• Find out what, if any, online protection is offered by your child's school, after-school center, friends' homes, or any place where he or she could use a computer without your supervision.
  • Take your child seriously if he or she reports an uncomfortable online exchange.
  • Forward copies of obscene or threatening messages you or your child receives to your Internet service provider.
  • Call the National Center for Missing and Exploited Children at (800) 843-5678 if you are aware of the transmission, use, or viewing of child pornography online. Contact your local law enforcement agency or the FBI if your child has received child pornography via the Internet.

Many sites use "cookies," devices that track specific information about the user, such as name, email address, and shopping preferences. Cookies can be disabled. Ask your Internet service provider for more information.

It's also a good idea to set up some simple rules for your kids to follow while they're using the Internet. These rules may include:

  • Follow the rules you set, as well as those set by your Internet service provider.
  • Never trade personal photographs in the mail or scanned photographs over the Internet.
  • Never reveal personal information, such as address, phone number, or school name or location. Use only a screen name. Never agree to meet anyone from a chat room in person.
  • Never respond to a threatening email or message.
  • Always tell a parent about any communication or conversation that was scary.
  • If your child has a new "friend," insist on being "introduced" online to that friend.

Chat Room Caution

A chat room is a virtual online room where a chat session takes place. Chat rooms are set up according to interest or subject, such as skiing or a favorite TV show. Because people can communicate to each other alone or in a group, chat rooms are among the most popular destinations on the Web - especially for kids and teens.

But there are hazards to chat rooms for kids. There have been incidents where kids met "friends" who were interested in exploiting them through chat rooms. No one knows how common chat-room predators are, but pedophiles (adults who are sexually interested in children) are known to frequent chat rooms.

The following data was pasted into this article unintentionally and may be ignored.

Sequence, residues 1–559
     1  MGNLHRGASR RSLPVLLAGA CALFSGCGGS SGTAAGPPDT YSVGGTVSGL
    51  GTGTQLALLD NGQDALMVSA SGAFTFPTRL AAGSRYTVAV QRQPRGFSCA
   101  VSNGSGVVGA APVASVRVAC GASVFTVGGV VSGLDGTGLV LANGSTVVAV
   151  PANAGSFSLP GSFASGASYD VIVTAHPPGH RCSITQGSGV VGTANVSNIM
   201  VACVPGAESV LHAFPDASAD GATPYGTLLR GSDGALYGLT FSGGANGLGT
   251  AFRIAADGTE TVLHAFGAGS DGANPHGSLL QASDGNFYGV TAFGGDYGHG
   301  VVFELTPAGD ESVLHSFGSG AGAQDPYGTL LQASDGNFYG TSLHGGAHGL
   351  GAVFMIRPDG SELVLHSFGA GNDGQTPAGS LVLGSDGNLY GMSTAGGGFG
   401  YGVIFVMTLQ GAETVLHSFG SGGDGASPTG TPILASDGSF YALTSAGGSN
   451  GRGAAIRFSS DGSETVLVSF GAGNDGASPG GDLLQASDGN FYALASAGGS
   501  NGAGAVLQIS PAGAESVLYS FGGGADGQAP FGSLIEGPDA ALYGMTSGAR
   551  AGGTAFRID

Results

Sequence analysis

These predators sometimes prod their online acquaintances to exchange personal information, such as addresses and phone numbers, thus putting the kids they are chatting with - and their families - at risk.

Many pedophiles pose as teenagers in chat rooms. Because many kids have been told by parents not to give out their home phone numbers, pedophiles may encourage kids to call them; with caller id, the offenders instantly have the kids' phone numbers.

Warning Signs That Your Child May Be a Victim

There are warning signs that your child is being targeted by an online predator. Your child may be spending long hours online, especially at night. If there are phone calls from people you don't know or unsolicited gifts arriving in the mail, it's a good idea to ask your child about any Internet contacts. If your child suddenly turns off the computer when you walk into the room, ask why and monitor computer time more closely. Withdrawal from family life and reluctance to discuss online activities are other signs that you need to look more closely at what your child is doing online.

Contact your local law enforcement agency or the FBI if your child has received child pornography via the Internet or if your child has been the victim of a computer sex offender.

By taking an active role in your child's Internet activities, you'll be ensuring that he or she can benefit from the wealth of valuable information the Internet has to offer, without being exposed to any potential dangers.

Updated and reviewed by: Steven Dowshen, MD
Date reviewed: April 2005
Originally reviewed by: Steven Dowshen, MD, and Neil Izenberg, MD